Science provides two main services to society: information through the data it collects and meaning through its rigorous analyses and interpretations of these data. When this process works as it should, science can help a wide range of individuals, communities, and organizations better understand the natural and social worlds and improve our quality of life.
Concerns about scientific practice
Today, however, important concerns are being raised whether science is working as it should. Multiple studies document the distorting effects of questionable research practices and publication bias on the accuracy, replicability, and intepretability of numerous findings in many scientific fields (e.g., Doucouliagos 2005; Ioannidis 2005; Masicampo and Lalande 2012; Dwan et al. 2013, Esarey and Wu N.d.). In particular, publication decisions appear to be closely related to whether or not manuscripts include statistically significant findings (Gerber and Malhotra 2008; Gerber et al. 2010; Franco, Malhotra, and Simonovits 2014, 2015), creating incentives for post hoc searches for statistically significant findings (“p-hacking”) or submitting only those parts of a research agenda that produce significant results (the “file drawer problem”).
The combination of p-hacking, file drawer problems, and biases towards statistical significance can create a mismatch between what a published literature claims about a topic and what the true weight of the evidence would show if all of it were allowed to see the light of day. As a result, even a finding that seems to be the product of a scientific consensus could instead be an illusion built upon questionable research and publication practices.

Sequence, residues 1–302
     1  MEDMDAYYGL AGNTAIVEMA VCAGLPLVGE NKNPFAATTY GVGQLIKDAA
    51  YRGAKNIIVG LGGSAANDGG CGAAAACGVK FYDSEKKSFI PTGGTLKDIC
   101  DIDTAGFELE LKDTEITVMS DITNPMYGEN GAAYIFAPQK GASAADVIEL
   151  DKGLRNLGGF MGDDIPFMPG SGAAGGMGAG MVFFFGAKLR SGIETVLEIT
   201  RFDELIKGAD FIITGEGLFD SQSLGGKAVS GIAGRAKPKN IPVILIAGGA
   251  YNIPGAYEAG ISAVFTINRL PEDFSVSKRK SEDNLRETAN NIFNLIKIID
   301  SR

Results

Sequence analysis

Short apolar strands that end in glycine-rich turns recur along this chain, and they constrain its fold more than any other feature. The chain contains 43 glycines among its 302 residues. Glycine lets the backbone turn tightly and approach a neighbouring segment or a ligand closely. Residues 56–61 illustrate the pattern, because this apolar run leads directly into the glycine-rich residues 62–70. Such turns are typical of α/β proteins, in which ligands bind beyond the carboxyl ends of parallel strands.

The preregistration approach
Preregistration is one way to mitigate these problems (e.g., Gerber and Malhotra 2008; Humphreys, de la Sierra, and van der Windt 2013; Monogan 2013; Miguel et al. 2014). With preregistration, a scholar specifies hypotheses and analyses prior to obtaining data. In principle, this approach prevents authors from misrepresenting their initial analytic intent and dissuades them from engaging in post hoc specification searches. (Scholarly papers may, of course, include unplanned or exploratory analyses. Preregistration helps readers differentiate between such efforts and hypothesis testing.)
However, preregistration is not sufficient to overcome publication bias. Even in fields where preregistration is increasing, biases towards statistical significance in publication processes can still distort a scientific field’s knowledge base (e.g., Dwan et al. 2013). In fields that require preregistration of clinical trials, for example, many trials are not submitted for publication if the results are unexpected or null (e.g., Turner et al. 2008), while those studies that are published often selectively report the outcomes they observe (Drysdale 2016).
The value of preacceptance
To further correct the types of incentives described above, we believe it is necessary to expand the use of preacceptance in scientific publishing. Under this approach, authors submit articles that motivate and specify a research design before data for the study is available. These articles are reviewed and either rejected or provisionally accepted without authors, reviewers, or editors knowing the results of the study (e.g., Nosek and Lakens 2015; Nyhan 2015).
When journals allow preacceptance, reviewers can evaluate manuscripts based solely on the value of the theoretical contribution and the strength of the research design, not the presence or absence of statistical significance. After a preaccepted article’s data is collected, the article is reviewed again to ensure that preregistered results are reported accurately and conform to the content of the initial manuscript. For example, in cases where a preaccepted study includes a preregistered design that produces a null result, the researcher is expected to present that result. The researcher may also describe other analyses that put the initial findings in a broader context, but these must be properly labeled as exploratory and distinguished from prespecified tests. Such processes will lead to more accurate presentations of scientific research by reducing publication pressures on researchers to partially represent or misrepresent their findings.